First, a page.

A new chapter for Tokyo–Seoul relations, 50 years on?

20150623001147626712-minihighres

Author: Lionel Babicz, University of Sydney

The synchronised but separate 50th anniversary celebrations of the Japan–South Korea Treaty on Basic Relations illustrates the relationship between the two countries: inexorably close and painfully distant. The 22 June 2015 celebrations were quite unusual. There was no summit meeting, but two parallel ceremonies with President Park Geun-hye attending in Seoul and Prime Minister Shinzo Abe in Tokyo. Read more…

Japan and South Korea must foster domestic support for bilateral relations

Members of South Korean conservative groups stage a protest outside the Japanese Embassy in Seoul on 1 March 2014. (Photo: AAP).

Author: Junya Nishino, Keio University

Many expected Japan–Republic of Korea (ROK) relations to be reset when the Shinzo Abe and Park Geun-hye administrations first came to power, but the past two years or so have seen further deterioration and pessimism.

June 2015 will mark the 50th anniversary of the normalisation of diplomatic relations between the two countries, offering a perfect opportunity to construct a shared long-term vision for Japan–ROK relations. Read more…

A sustainable South Korea should stick with nuclear

A fire drill is underway at the Weolseong Nuclear Power Complex in Gyeongju, North Gyeongsang Province, on 28 October 2014. (Photo: AAP)

Author: Sanghyun Hong, University of Adelaide

Since the 1970s, nuclear power has provided cheap, stable and clean electricity that has fuelled South Korea’s rapid economic growth. Currently, 23 nuclear power plants with a total capacity of 21 gigawatts of electric energy are generating 27 per cent of South Korea’s total electricity needs. The wholesale price of nuclear power, US$52 per megawatt hour (MWh) in 2014, is still cheaper than coal (US$61/MWh) without any form of carbon pricing. Read more…

Dialogue the key to resolving comfort women history wars

People protest against Shinzo Abe and the Japanese government for failing to deliver an apology over the 'comfort women' issue and other war crimes in World War II during his official visit to the US on 1 May 2015. (Photo: AAP).

Author: Mary M. McCarthy, Drake University

On 29 April 2015, Shinzo Abe became the first Japanese prime minister to speak before a joint session of the US Congress. Japan watchers listened closely, hoping to hear a preview of his upcoming statement on the 70th anniversary of the end of World War II. Of particular concern is whether the prime minister will take a step back from the historic apologies of the 1995 Murayama Statement and the 1993 Kono Statement. Read more…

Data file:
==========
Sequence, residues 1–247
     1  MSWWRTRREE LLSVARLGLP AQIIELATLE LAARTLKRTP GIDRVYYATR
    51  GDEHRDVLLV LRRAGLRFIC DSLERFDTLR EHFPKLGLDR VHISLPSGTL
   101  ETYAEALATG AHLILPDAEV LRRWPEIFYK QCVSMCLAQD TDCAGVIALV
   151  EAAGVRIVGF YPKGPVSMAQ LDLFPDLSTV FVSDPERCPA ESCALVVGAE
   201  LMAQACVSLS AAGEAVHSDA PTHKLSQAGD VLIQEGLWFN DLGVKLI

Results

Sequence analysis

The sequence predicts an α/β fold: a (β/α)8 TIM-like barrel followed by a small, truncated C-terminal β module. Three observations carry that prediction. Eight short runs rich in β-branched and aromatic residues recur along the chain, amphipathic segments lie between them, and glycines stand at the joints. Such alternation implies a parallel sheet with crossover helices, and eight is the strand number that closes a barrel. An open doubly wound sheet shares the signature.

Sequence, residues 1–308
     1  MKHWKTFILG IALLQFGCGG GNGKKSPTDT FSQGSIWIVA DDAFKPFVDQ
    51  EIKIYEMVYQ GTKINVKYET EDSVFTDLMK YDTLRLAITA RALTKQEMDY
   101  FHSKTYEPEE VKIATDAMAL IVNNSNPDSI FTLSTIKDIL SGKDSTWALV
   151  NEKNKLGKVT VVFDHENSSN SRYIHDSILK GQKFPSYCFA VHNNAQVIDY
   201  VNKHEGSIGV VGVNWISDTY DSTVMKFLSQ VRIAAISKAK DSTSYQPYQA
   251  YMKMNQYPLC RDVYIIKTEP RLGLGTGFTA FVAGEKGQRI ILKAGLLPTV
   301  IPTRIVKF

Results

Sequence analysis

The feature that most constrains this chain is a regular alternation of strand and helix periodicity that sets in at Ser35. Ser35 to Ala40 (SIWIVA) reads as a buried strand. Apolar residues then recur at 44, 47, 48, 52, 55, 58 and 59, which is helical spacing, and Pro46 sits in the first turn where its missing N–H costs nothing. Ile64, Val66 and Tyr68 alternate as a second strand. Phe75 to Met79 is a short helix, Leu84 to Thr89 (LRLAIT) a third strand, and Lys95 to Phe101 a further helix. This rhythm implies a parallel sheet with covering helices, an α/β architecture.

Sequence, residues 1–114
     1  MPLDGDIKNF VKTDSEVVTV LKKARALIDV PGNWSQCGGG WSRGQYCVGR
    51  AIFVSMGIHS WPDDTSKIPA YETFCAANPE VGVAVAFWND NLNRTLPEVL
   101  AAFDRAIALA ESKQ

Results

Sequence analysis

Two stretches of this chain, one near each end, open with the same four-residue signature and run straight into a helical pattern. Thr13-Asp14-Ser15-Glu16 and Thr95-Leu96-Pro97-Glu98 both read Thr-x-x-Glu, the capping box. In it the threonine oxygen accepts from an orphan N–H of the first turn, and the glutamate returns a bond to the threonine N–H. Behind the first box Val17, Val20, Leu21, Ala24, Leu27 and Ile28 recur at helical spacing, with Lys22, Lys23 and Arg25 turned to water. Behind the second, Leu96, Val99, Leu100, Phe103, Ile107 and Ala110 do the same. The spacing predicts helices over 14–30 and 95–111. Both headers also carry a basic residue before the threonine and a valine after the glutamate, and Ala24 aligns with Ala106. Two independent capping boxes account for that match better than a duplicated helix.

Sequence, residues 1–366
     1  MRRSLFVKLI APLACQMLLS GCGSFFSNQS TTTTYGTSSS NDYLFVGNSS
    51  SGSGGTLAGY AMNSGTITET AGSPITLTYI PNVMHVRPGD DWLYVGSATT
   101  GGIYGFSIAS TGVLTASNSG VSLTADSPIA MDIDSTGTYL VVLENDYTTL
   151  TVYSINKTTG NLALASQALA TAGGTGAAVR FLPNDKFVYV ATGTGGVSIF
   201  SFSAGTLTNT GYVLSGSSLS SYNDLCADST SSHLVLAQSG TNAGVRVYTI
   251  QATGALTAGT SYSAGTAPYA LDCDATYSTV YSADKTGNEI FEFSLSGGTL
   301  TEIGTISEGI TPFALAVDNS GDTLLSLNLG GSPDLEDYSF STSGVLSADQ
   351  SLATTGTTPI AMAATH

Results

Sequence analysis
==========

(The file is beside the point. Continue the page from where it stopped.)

South Korean security caught in the US–China crossfire

South Korean Hyunmu-3 cruise missiles are displayed during a ceremony marking the anniversary of Armed Forces Day at a military airport near Seoul, South Korea. (Photo: AAP)

Author: Kiho Kwon, Peace Network

The US–South Korea relationship is beginning to show clear signs of disagreement on the issue of the Terminal High Altitude Area Defense (THAAD) deployment. As the US aggressively pushes the need for this cutting-edge missile defense system, the South Korean government is becoming more reluctant to entertain its possibility. Read more…

How ethnic nationalism undercuts multiculturalism on the Korean peninsula

activists in seoul protest against the forced deportation of illegal migrant workers. foreign workers ‘continue to experience abuse and exploitation’. (Photo: AAP).

Author: Eun Jeong Soh, ANU

North and South Korea are widely regarded to be ethnically homogenous societies. But with minority populations having grown 
in numbers and importance in both Koreas, demographic homogeneity has become a myth. Read more…

Breaking the deadlock on the Korean peninsula

Shin Han-yong, vice president of a group of South Korean firms with factories at the Kaesong Industrial Complex in North Korea, speaks to reporters after returning from the park, 20 April 2015. (Photo: AAP).

Author: Sangsoo Lee, ISDP

With the Six Party Talks — the main multilateral mechanism to negotiate North Korea’s denuclearisation — moribund since December 2008, the North Korean nuclear issue appears increasingly intractable. North Korea has proceeded with its nuclear program and enshrined its nuclear status in its constitution. Read more…